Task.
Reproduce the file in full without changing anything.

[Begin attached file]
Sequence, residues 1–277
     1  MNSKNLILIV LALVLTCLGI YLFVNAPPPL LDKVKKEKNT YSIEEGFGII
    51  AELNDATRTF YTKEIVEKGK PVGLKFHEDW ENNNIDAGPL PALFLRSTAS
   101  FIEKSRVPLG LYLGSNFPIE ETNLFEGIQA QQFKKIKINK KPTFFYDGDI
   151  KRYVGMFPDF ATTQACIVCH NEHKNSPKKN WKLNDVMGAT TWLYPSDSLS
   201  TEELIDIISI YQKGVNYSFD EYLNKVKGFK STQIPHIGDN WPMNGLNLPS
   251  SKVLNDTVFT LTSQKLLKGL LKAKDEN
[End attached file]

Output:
Sequence, residues 1–277
     1  MNSKNLILIV LALVLTCLGI YLFVNAPPPL LDKVKKEKNT YSIEEGFGII
    51  AELNDATRTF YTKEIVEKGK PVGLKFHEDW ENNNIDAGPL PALFLRSTAS
   101  FIEKSRVPLG LYLGSNFPIE ETNLFEGIQA QQFKKIKINK KPTFFYDGDI
   151  KRYVGMFPDF ATTQACIVCH NEHKNSPKKN WKLNDVMGAT TWLYPSDSLS
   201  TEELIDIISI YQKGVNYSFD EYLNKVKGFK STQIPHIGDN WPMNGLNLPS
   251  SKVLNDTVFT LTSQKLLKGL LKAKDEN